24 Nov 2022
Katie Charlton comes from a family of teachers – and the University of the Sunshine Coast graduate has a poignant message for other educators-in-waiting.
“My message of encouragement for future teachers is to never fall out of love with learning,” Katie says.
“Teachers need to place a value of importance on lifelong learning.
“As an extension of that, it’s okay to make mistakes.
“I’ve seen teachers who have been in the field for more than 20 years make mistakes and they accept that positively by saying ‘It’s okay because I’m still learning too’.”
A mid-2021 graduate of a Bachelor of Education (Secondary) at UniSC, Katie spent the first six months of her teaching career at North Rockhampton State High, prior to finding a permanent role at Ipswich Grammar.
She confesses she doesn’t have far to look for role models, with her mother, her aunt and uncle all involved in the teaching profession.
A significant part of Katie’s journey has been discovering more about herself, and finding her own individual tenets upon which to base her teaching philosophy.
“The basis of my teaching is compassion and care. I’ve built everything around that,” Katie says.
“I’ve learnt to value relationships and recognise that students don’t necessarily want to learn unless they feel valued and respected.
“Gone are the days where pupils are meant to be seen and not heard. They have agency within the classroom and, when you’re dealing with 17-year-olds and 18-year-olds, you should be treating them as adults.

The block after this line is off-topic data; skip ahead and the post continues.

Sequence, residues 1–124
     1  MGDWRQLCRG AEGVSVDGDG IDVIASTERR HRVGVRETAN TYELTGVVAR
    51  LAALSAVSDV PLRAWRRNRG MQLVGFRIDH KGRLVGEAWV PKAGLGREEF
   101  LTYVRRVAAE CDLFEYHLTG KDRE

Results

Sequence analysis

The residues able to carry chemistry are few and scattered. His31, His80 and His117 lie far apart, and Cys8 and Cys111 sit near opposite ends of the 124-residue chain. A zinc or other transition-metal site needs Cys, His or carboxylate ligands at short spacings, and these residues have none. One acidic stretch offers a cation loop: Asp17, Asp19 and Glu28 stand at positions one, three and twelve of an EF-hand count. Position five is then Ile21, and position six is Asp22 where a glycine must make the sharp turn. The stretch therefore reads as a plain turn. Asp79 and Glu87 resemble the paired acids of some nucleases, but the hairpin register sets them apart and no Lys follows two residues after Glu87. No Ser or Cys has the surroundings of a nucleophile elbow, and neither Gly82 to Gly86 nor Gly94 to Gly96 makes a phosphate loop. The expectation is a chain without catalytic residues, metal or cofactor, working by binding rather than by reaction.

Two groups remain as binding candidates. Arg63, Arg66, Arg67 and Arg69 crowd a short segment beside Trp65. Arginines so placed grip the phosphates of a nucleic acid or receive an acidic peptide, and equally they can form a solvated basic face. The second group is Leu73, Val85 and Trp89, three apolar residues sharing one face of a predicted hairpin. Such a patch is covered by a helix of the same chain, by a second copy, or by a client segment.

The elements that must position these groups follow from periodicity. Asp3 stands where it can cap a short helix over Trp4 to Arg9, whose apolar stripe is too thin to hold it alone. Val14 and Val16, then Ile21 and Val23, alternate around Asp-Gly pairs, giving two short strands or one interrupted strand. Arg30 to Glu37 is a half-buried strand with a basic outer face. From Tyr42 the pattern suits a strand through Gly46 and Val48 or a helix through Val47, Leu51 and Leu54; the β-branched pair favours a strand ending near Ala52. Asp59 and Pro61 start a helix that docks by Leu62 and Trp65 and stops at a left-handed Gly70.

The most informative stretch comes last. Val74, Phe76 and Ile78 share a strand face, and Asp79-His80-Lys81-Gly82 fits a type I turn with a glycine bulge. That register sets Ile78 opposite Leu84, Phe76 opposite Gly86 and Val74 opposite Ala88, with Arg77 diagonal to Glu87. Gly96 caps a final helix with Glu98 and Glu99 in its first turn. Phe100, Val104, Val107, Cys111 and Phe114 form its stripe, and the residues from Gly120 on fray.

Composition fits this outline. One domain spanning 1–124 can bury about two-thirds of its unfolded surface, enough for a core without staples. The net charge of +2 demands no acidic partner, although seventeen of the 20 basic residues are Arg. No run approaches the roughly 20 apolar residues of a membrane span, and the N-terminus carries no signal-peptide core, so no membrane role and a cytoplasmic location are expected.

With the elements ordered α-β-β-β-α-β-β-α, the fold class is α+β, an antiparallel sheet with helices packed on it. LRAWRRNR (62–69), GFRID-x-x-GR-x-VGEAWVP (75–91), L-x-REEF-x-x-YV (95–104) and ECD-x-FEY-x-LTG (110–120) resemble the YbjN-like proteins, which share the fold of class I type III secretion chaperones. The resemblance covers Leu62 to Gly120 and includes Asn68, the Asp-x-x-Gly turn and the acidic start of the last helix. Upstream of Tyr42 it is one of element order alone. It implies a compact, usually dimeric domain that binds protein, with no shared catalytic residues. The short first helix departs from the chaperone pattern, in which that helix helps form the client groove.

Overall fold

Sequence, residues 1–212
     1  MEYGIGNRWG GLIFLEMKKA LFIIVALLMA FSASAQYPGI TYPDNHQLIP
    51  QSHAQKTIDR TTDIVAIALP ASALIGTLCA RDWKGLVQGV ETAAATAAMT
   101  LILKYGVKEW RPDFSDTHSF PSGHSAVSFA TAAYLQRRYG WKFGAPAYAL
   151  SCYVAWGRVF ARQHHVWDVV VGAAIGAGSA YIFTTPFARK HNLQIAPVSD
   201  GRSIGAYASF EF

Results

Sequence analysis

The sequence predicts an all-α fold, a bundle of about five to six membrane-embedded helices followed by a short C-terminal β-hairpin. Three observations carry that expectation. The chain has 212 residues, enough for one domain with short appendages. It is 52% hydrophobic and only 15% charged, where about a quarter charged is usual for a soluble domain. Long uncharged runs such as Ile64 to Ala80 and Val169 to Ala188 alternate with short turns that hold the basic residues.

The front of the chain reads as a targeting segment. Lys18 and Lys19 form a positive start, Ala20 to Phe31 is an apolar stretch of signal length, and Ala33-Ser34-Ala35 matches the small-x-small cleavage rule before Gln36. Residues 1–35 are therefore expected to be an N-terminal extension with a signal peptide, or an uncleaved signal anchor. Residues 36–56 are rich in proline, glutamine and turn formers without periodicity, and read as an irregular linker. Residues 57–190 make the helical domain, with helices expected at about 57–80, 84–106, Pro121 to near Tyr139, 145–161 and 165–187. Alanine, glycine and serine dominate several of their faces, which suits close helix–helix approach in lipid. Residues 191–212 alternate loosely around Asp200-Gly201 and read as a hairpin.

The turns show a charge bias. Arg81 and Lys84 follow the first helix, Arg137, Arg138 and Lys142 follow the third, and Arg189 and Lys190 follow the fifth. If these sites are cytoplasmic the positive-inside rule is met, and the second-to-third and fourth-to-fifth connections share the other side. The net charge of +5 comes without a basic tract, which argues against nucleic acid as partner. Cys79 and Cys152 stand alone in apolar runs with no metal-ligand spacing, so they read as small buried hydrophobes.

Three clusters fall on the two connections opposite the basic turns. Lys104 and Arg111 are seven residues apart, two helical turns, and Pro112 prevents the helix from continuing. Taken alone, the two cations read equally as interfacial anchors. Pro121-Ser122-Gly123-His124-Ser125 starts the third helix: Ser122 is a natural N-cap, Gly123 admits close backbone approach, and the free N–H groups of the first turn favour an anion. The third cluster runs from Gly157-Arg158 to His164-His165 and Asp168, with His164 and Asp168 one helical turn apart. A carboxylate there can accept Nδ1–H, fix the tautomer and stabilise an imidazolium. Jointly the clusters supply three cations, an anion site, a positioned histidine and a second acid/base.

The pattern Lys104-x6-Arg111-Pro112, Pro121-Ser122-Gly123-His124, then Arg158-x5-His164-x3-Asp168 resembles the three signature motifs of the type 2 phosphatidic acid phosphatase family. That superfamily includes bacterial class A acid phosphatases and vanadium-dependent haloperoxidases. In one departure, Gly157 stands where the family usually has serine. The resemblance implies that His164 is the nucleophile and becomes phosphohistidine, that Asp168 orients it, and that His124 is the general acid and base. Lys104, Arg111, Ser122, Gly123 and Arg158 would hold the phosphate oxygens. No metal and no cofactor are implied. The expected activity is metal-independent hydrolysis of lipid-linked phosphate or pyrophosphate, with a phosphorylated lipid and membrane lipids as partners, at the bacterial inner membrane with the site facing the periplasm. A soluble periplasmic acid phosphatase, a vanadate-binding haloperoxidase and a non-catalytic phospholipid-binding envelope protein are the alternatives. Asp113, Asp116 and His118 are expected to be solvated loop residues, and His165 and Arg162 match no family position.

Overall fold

“At the end of the day, people don’t always remember what you teach them, but they remember the way you make them feel.”
Indeed, Katie has a specific example of a mentor who changed her learning trajectory.
Describing herself as someone who “struggled with maths and science”, Katie found a niche in English, drama and music class.
She can remember feeling a little lost for direction, but with some words of encouragement she eventually settled on what has now become her career path.
“To be truthful, I didn’t really enjoy school, but then I was fortunate to have the same English teacher for Grades 10, 11 and 12, and she made a definite impact on me,” Katie says.
“She always had time for me if I needed it.
“She filled me with confidence about my abilities and planted a seed about me becoming a teacher.
“At that point I really didn’t know what I wanted to do with my life, but I followed her advice and put it down as a preference for university, and in time it has become my passion.”
Now a specialist English and Humanities teacher, Katie said she derived greatest value from her UniSC education via the numerous practical placements undertaken as part of her studies.
So formative were those moments, that Katie still maintains contact with several of the teachers that guided her through her career baptism.
“If I ever need support, I’ll still message them for advice,” Katie says.
“Most teachers say you’ll feel like a fish out of water for your first couple of years, but that sensation does go away and you become more assured and accustomed to leading students through their education.
“Aside from my practical placements, another thing I did which really helped me was working as a teacher’s aide in my last two years of university.
“I also undertook extra volunteer work as a school basketball coach. Those types of things taught me about building relationships with students and seeing how schools were run from another perspective.
“Had I not done those things, maybe I wouldn’t have been as prepared, or known what was expected of me.”